Counterterrorism chief and deputy leaving as Trump administration considers downsizing agency

Two former officials say Russell Travers, head of the National Counterterrorism Center, was seen as resisting potential personnel cuts.
Russell Travers
Russell Travers, acting director of the National Counterterrorism Center, testifies before a Senate Homeland Security Committee hearing on Capitol Hill on Nov. 5, 2019.Andrew Harnik / AP file

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By Ken Dilanian

WASHINGTON — The head of the National Counterterrorism Center and his deputy are abruptly leaving as the Trump administration considers a significant downsizing of an agency created in the aftermath of the 9/11 attacks.

Russell Travers, a career intelligence official who helped launch the NCTC after the terrorist attacks by al Qaeda in New York and Washington in 2001, was ousted amid a hiring freeze instituted by the acting director of national intelligence, Richard Grenell, said two former officials who spoke to people involved in the matter. Travers was seen as resisting potential personnel cuts, the former officials said.

Peter Hall, the NCTC deputy, was sent back to his home agency, the National Security Agency, the former officials said.

Their departures were first reported by The Washington Post.

The NCTC, which has around 900 employees, is part of the Office of the Director of National Intelligence. Many of its officers and analysts are detailed from other agencies.

The DNI confirmed in a statement that the two men were leaving.

Richard Grenell, then the U.S. ambassador to Germany, at a reception in Berlin in January 2019. He is now the acting director of national intelligence.Bernd von Jutrczenka / dpa via AP file

"We are grateful for Acting Director Russ Travers' many years of service to the American people. Russ told Acting Director Grenell he wanted to retire, and that he did not want another assignment," the statement said.

The NCTC's role is to synthesize and analyze intelligence about terrorism collected by the CIA, the FBI, the National Security Agency and various other sources. While the CIA can look only at information about foreign terrorists, the NCTC has access to intelligence on both foreigners and Americans, although its treatment of information about U.S. citizens is subject to privacy rules. The CIA and the FBI have their own terrorism analysts.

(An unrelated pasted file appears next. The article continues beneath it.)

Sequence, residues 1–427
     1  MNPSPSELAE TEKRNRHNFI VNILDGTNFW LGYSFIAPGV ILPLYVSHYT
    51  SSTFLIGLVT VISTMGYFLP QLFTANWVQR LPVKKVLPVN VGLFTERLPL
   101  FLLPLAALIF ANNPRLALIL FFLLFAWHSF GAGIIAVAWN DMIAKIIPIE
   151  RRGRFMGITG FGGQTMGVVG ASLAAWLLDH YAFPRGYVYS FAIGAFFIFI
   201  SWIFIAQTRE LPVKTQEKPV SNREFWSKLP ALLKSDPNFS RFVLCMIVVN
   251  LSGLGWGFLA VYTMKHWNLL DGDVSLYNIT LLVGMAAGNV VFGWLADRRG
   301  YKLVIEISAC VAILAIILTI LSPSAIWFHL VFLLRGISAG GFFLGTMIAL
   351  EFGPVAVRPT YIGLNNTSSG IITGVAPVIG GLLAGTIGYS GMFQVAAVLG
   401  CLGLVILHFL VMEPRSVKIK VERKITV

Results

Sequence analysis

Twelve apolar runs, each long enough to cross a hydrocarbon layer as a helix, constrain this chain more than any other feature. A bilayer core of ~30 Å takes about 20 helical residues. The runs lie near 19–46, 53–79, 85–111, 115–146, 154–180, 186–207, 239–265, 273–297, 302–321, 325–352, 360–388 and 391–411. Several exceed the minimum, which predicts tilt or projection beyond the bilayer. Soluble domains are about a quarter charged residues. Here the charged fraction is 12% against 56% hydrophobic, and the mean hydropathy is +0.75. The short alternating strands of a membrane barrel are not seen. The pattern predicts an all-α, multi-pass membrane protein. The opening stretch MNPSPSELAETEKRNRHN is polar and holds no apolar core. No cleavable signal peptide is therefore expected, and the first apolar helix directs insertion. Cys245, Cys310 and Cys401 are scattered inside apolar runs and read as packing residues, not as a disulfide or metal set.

With the threat from al Qaeda and related forces much diminished, some inside the intelligence community believe the time has come to shrink the agency. Others say it could play a leading role in stepping up scrutiny of far-right extremist groups.

On Wednesday, President Donald Trump announced his intention to nominate Christopher Miller, a Pentagon special operations and counterterrorism official, as permanent director of the NCTC.

The job was filled by retired Navy Adm. Joseph Maguire until he moved into the role of acting DNI, and Travers then became acting director of the NCTC. Trump fired Maguire as acting DNI after an aide told lawmakers during an election security briefing that Russia was interfering in the 2020 election with a clear preference for Trump.

Trump then brought in Grenell, who has no intelligence experience, to be acting DNI. He then nominated Rep. John Ratcliffe, R-Texas, whose nomination last year fell apart amid questions over his qualifications.

"A/DNI Grenell and ODNI leadership have been discussing the many reform recommendations previously made by former directors. Our hope is that these reforms will posture NCTC to lead the counterterrorism mission into the future," the DNI statement says.

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The debate about whether to shrink the NCTC has been ongoing for years, some former officials said.

"The NCTC has long been a looked at as the most viable place to downsize," said Katrina Mulligan, a former DNI official. "That's in part because the strategic landscape has shifted a lot. ... These conversations certainly pre-date this administration."

Even so, Mulligan said, "this feels very retaliatory and is likely to have a chilling effect within the embattled intelligence community."